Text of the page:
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Quickly create bootable USB keys with the very flexible RMPrepUSB

28 August 2012, Mike Williams

Making a USB key bootable sounds like it should be a reasonably straightforward task, but the reality can be very different. There are a lot of variables to consider, and in some cases it can take a very long time to figure out how things should work on your particular system.

If you’re having difficulties, though, one way to improve your chances of success is to ensure you’re using a program which gives you plenty of options – and there are few tools quite as versatile as RMPrepUSB.

With this power also comes some complexity, unfortunately. The program’s main window crams in 17 buttons, a list of drives, multiple text boxes, check boxes and more, and it’s easy to feel overwhelmed. But take a closer look and it all begins to make sense.

To make a particular USB key bootable, for instance, you must first select it from the drive list (reconnect it and press Refresh if the key isn’t included). And you could then simply accept the default settings, click “Prepare Drive” and watch as the key is formatted for you.

Don't panic - the interface looks a little cluttered, but you'll soon figure out what's going on

Or, if you need more control, just start choosing the options you need. RMPrepUSB allows you to set the drive’s file system, for instance. There are multiple bootloaders available (Windows, DOS, Linux and more), and a bunch of low-level overrides which may help to make your drive bootable, even on tricky older PCs.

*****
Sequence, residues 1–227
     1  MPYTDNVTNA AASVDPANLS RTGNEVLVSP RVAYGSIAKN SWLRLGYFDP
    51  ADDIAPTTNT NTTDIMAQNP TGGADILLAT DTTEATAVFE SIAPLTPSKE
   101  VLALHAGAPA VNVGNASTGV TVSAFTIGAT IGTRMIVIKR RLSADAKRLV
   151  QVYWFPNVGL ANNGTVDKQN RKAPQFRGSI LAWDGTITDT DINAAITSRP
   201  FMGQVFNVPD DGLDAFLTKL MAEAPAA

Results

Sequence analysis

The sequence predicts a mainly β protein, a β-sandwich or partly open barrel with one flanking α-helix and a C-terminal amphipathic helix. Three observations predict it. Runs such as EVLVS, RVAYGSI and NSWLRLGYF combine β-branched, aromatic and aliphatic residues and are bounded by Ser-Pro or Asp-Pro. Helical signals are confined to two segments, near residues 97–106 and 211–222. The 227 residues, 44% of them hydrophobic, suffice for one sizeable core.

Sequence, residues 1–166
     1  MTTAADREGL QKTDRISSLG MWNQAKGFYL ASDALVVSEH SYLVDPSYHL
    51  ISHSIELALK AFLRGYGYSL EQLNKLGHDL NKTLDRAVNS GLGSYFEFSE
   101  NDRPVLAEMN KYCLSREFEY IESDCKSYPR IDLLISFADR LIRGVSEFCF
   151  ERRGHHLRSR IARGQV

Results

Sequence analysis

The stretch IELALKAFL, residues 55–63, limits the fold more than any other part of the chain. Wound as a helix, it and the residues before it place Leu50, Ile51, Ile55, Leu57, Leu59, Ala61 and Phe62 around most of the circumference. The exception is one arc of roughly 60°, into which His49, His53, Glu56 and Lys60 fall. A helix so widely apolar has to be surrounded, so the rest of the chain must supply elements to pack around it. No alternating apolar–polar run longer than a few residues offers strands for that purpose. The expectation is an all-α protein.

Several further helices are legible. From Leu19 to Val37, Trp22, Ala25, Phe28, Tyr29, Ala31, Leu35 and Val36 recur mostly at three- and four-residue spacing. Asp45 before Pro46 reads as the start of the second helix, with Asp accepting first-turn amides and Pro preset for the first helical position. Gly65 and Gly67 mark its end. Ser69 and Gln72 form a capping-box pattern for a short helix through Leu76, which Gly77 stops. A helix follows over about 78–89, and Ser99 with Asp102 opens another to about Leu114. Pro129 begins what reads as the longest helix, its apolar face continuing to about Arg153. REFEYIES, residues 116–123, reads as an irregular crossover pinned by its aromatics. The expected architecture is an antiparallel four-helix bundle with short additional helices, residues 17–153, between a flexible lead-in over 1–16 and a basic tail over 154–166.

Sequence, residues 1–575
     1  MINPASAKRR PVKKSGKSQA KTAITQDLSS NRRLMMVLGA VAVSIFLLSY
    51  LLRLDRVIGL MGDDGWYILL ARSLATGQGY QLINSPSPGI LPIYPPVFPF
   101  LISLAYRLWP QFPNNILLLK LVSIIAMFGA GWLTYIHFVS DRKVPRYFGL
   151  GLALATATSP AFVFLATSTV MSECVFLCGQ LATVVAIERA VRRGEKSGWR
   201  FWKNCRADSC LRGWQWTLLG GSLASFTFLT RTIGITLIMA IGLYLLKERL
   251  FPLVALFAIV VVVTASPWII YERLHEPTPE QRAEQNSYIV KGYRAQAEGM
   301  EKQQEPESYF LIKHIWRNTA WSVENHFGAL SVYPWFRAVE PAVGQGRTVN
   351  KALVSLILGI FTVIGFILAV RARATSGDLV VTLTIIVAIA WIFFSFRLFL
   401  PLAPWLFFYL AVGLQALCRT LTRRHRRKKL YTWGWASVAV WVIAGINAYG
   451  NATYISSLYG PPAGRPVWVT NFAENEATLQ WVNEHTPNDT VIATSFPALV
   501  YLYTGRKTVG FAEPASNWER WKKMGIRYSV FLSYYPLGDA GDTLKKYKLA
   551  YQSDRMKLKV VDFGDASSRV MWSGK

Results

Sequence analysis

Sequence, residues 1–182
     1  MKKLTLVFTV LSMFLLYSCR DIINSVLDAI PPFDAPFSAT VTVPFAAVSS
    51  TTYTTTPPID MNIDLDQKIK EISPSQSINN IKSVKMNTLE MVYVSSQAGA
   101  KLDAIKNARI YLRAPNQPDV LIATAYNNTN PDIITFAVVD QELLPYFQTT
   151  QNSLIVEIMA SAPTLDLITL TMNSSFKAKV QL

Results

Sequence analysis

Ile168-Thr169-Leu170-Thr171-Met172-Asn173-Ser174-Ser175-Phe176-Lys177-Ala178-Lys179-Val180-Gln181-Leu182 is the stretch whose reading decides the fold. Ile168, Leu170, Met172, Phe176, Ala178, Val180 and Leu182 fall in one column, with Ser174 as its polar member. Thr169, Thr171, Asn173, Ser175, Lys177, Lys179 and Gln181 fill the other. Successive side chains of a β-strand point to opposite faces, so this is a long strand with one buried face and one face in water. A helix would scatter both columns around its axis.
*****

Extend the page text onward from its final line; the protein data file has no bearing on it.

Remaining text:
This is just the start, though. There are tools here to create and restore images of a USB key, test a drive’s speed, check its sectors, clean it, display a key’s raw disk sectors, and the list goes on.

RMPrepUSB is actually a graphical front end for the console program which does most of the work, and as a result many of its options don’t work quite as you expect. Click Drive > View Drive Information, for instance, and the program will display a sector view of your current disk – but not within RMPrepUSB. Instead, a text file will open with the data you need.

The program still contains plenty of useful features and functionality, though. And while its unconventional interface will probably leave you confused from time to time, the RMPrepUSB site contains plenty of tutorials and guides should you need more assistance.

Just keep in mind, though, that RMPrepUSB includes many different ways to format, wipe and otherwise prepare your keys, and can even work with hard drives if you flick the appropriate configuration switch. The program will always warn you before it does anything destructive – and sometimes more than once – but you should still use it with extreme caution.

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